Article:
Did Venus ever have oceans?

Imagine our sister planet Venus billions of years ago being an ocean-filled world like Earth is today. The thinking is that at some point Venus underwent a “runaway greenhouse” where the surface became so hot the oceans boiled off, leaving a barren surface too hot for life of any kind. If life originated in Venus’ oceans it would have had to migrate into the cloud layers, which, at 50 km altitudes and above, today have the right temperatures for life. In support of the idea of life in the Venus clouds is the fact that Earth has an aerial biosphere with some bacteria temporarily living in the clouds (reviewed in (3)).

The picture of “early Venus” being habitable by way of water oceans is an attractive one, but not fully established.

One support of ancient water oceans on Venus is geological. Measurements from three different instruments on the flyby spacecraft Galileo and the Venus Express orbiter suggest a possible presence of felsic rocks, which form only in the presence of water (5–8). Another support is a model of Venus’ evolution to its modern state showing that Venus had clement surface conditions after formation, and only entered the runaway greenhouse after about to 3.5 billion years (1, 2).

The  idea of early oceans on Venus has recently been challenged. Using a 3D global atmosphere climate model, Turbet et al. (2021) (4) find that, early in its history, the Venus atmosphere was too hot for atmospheric water to condense to form oceans (4). The  climate model shows that the steam atmosphere of early Venus’ never condensed on the planet’s surface to form liquid water oceans. Instead, water vapor condensed on the nightside of the planet to form clouds that warmed the surface by absorbing and re-emitting the planet’s outgoing infrared radiation (4).

Climate is tricky to model because the underlying physical processes are nonlinear and their complexity must be approximated when incorporated into computer models. Indeed (4) include the statement, “A comprehensive sensitivity study is needed to quantitatively confirm this result, as it has been shown that cloud and atmospheric circulation feedback can vary nonlinearly and non-monotonically with rotation period.” Furthermore, the model atmosphere has molecular nitrogen (N2) as the major atmospheric gas but the composition of the original Venus atmosphere is unknown and N2 may have been a minor component. The presence of other gases such as CO2 or CH4 could have caused some greenhouse warming, but we do not yet know if the warming would be enough to support the presence of water oceans after all.

Even if Venus did not form with water oceans, Venus might have had surface water at a slightly later stage. Volcanoes may have released water initially trapped in the interior, as some planet formation models suggest most water from planet formation is locked up in the planet interior. In addition, water-rich comets and asteroids may have generated (perhaps shallow) oceans during a period called the late heavy bombardment.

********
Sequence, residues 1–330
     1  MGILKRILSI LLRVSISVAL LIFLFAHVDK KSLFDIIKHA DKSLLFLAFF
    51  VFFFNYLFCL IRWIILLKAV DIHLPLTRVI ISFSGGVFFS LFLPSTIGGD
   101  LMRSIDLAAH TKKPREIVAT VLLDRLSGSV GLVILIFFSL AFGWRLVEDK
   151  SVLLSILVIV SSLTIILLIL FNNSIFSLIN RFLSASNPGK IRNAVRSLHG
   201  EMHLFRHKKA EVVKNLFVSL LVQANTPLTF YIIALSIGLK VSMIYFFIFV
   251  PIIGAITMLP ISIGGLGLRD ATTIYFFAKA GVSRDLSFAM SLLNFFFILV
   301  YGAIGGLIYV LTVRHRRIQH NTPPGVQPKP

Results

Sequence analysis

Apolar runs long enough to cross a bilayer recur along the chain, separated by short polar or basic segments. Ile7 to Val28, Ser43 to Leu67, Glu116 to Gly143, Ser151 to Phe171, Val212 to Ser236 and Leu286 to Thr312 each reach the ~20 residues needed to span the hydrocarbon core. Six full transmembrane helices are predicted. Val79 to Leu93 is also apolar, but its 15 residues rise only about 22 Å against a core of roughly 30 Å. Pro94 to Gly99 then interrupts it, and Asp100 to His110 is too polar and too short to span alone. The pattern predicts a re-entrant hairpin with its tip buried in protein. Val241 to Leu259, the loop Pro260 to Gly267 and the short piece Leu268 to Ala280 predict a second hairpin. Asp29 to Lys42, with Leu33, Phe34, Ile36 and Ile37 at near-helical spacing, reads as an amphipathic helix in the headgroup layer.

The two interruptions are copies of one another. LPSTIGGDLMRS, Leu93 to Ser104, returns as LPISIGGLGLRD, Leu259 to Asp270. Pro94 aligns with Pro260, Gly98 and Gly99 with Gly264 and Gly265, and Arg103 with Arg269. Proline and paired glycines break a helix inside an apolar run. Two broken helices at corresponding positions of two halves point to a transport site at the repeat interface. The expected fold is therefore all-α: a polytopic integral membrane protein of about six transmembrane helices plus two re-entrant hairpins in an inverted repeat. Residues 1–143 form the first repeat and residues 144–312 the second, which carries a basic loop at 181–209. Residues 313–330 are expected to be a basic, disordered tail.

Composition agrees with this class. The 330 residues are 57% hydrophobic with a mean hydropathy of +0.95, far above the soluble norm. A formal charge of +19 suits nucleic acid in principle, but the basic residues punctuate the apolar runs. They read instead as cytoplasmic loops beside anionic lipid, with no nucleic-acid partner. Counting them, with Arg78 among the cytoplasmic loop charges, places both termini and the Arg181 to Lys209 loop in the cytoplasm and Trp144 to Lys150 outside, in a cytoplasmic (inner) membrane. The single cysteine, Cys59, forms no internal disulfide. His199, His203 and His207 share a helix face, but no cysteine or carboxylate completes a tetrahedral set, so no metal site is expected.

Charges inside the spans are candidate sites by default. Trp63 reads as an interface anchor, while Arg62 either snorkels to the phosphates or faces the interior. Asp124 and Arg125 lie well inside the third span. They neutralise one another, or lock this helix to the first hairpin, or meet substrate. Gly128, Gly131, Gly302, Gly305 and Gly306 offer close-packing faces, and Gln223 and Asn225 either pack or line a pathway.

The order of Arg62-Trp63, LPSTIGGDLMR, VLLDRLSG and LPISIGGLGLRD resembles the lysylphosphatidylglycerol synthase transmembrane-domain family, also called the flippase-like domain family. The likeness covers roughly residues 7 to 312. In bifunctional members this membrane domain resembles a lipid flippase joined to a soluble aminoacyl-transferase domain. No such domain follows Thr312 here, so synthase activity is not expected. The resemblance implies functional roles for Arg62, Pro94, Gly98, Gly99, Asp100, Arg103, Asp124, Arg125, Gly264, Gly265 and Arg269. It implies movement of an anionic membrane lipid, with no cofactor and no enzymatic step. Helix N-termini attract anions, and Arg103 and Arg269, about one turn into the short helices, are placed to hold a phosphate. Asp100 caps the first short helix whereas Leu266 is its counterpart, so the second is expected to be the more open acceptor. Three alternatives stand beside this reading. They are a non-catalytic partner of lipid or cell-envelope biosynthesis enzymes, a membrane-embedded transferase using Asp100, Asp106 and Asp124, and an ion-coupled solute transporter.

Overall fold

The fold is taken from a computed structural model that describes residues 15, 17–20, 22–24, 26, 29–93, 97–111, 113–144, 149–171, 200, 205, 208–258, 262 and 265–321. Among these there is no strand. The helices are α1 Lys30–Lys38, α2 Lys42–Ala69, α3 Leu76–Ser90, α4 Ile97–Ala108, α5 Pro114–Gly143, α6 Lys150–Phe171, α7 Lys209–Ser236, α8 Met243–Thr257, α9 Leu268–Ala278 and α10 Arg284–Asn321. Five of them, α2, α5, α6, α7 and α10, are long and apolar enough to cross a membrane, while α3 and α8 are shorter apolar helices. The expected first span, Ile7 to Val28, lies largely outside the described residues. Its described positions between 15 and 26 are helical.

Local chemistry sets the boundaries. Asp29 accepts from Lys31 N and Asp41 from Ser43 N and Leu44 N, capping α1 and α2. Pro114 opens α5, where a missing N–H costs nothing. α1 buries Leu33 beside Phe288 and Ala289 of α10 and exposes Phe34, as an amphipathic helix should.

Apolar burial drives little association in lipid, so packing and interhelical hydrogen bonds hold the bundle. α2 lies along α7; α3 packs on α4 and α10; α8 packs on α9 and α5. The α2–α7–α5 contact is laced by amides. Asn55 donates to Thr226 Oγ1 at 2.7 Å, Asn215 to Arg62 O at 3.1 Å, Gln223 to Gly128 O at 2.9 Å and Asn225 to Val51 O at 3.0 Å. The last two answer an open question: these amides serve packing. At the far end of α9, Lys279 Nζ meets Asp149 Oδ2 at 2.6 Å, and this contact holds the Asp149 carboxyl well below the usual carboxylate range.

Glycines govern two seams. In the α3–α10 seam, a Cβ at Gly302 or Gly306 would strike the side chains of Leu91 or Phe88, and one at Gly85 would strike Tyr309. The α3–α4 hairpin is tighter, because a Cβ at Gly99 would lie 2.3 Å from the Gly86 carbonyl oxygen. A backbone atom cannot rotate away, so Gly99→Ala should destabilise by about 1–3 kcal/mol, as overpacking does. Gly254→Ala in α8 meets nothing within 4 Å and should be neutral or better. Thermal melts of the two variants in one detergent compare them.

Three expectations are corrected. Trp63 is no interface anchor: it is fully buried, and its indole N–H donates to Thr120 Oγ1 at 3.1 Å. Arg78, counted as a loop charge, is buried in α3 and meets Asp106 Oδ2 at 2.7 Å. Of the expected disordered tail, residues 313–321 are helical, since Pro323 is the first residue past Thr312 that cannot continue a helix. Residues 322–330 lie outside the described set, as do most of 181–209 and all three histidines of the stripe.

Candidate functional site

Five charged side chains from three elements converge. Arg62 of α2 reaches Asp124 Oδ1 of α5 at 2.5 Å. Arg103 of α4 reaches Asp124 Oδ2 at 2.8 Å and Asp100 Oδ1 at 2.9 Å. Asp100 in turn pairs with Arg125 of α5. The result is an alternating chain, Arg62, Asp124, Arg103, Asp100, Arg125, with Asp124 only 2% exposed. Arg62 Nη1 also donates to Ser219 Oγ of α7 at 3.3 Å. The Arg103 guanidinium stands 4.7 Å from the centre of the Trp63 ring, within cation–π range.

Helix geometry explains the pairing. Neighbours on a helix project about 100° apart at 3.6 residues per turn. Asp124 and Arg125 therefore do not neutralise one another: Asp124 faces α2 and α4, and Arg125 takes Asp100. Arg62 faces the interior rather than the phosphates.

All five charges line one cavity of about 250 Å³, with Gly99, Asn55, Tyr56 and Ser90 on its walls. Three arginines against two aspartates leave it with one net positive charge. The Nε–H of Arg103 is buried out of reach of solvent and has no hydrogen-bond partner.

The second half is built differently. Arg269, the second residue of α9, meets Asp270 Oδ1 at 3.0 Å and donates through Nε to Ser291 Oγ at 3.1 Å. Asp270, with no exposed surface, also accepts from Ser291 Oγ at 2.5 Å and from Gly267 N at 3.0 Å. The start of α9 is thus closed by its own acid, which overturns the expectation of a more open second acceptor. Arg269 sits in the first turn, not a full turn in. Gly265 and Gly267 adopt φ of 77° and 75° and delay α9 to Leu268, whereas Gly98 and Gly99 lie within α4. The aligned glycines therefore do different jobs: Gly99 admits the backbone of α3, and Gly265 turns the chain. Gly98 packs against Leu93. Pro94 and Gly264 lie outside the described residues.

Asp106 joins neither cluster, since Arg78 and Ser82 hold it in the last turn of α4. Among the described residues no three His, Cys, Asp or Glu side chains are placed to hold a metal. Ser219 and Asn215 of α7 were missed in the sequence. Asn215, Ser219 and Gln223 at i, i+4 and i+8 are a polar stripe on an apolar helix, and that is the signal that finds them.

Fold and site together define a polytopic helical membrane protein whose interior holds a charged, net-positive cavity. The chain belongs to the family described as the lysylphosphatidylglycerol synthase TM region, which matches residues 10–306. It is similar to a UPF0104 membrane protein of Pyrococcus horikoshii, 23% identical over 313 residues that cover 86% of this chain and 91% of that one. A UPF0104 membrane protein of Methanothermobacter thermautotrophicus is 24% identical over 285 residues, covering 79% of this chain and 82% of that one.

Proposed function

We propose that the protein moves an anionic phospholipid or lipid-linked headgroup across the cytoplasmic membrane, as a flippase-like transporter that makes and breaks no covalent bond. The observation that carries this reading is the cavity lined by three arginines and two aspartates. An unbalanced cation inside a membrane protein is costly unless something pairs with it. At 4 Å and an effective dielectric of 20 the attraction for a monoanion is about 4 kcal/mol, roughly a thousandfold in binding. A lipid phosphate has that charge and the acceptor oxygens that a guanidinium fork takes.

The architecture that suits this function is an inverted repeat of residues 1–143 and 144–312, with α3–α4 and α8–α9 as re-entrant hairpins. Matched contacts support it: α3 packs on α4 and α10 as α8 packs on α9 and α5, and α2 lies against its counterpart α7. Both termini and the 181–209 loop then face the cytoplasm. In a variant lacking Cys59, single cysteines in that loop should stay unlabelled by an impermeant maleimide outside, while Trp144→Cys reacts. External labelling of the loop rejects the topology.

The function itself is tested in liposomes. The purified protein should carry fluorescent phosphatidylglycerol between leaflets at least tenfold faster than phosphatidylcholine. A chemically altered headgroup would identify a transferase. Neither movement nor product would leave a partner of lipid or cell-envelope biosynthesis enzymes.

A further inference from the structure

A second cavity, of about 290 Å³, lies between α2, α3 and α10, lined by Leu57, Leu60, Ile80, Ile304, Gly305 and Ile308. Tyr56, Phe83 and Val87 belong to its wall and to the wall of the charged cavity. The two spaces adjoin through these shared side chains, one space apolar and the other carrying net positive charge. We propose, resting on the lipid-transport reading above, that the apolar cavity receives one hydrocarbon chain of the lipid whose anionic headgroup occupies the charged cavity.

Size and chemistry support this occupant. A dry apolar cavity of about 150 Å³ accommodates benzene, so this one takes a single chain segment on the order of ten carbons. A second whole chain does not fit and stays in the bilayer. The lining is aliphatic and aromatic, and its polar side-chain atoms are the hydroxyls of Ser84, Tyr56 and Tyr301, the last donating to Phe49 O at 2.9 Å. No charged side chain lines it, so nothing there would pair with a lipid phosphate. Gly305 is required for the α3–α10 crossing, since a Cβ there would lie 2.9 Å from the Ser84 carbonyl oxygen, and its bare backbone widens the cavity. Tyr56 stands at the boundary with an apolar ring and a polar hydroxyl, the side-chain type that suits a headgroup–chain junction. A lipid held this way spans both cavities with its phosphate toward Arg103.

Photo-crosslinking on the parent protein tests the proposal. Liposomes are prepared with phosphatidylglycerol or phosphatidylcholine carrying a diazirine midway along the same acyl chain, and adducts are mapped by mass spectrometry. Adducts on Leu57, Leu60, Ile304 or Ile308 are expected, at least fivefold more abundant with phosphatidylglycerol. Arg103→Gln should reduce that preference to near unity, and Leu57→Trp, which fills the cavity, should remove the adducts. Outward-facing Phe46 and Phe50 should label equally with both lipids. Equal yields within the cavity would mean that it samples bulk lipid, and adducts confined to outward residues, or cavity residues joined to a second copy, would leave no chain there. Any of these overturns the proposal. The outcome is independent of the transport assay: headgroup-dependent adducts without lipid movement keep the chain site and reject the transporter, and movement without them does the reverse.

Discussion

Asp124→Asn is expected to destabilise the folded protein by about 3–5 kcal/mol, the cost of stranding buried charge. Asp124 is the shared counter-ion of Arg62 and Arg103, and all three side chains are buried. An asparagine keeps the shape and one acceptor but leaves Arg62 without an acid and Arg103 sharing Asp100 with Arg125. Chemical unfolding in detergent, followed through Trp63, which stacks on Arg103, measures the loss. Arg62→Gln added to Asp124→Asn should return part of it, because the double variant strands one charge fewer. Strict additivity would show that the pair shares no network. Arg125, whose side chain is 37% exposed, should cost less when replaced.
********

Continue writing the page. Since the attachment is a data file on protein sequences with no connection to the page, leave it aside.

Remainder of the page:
The good news is the debate on whether or not Venus had water oceans should be resolved later this decade when the three NASA and ESA space missions launch to Venus. In particular DAVINCI’s multispectral imaging of the tesserae regions can search for minerals that can only form in the presence of water.

  1. M. J. Way, et al., Was Venus the first habitable world of our solar system? Geophys. Res. Lett. 43, 8376–8383 (2016).
  2. M. J. Way, A. D. Del Genio, Venusian Habitable Climate Scenarios: Modeling Venus Through Time and Applications to Slowly Rotating Venus‐Like Exoplanets. J. Geophys. Res. Planets 125, e2019JE006276 (2020).
  3. S. Seager, et al., The Venusian Lower Atmosphere Haze as a Depot for Desiccated Microbial Life: a Proposed Life Cycle for Persistence of the Venusian Aerial Biosphere. Astrobiology 21, 1206–1223 (2021).
  4. M. Turbet, et al., Day–night cloud asymmetry prevents early oceans on Venus but not on Earth. Nature 598, 276–280 (2021).
  5. N. Mueller, et al., Venus surface thermal emission at 1 μm in VIRTIS imaging observations: Evidence for variation of crust and mantle differentiation conditions. J. Geophys. Res. Planets 113 (2008).
  6. A. T. Basilevsky, et al., Geologic interpretation of the near-infrared images of the surface taken by the Venus Monitoring Camera, Venus Express. Icarus 217, 434–450 (2012).
  7. M. S. Gilmore, L. S. Glaze, The Oldest Rocks on Venus: the Importance of Tessera Terrain for Venus Exploration in AGU Fall Meeting Abstracts, (2013), pp. P34A-01.
  8. G. L. Hashimoto, et al., Felsic highland crust on Venus suggested by Galileo near‐infrared mapping spectrometer data. J. Geophys. Res. Planets 113 (2008).

Image Credit: NASA
Made using an ultraviolet filter in its imaging system, the photo has been color-enhanced to bring out Venus’s cloudy atmosphere as the human eye would see it.
Mariner 10 flew by Venus in 1974.

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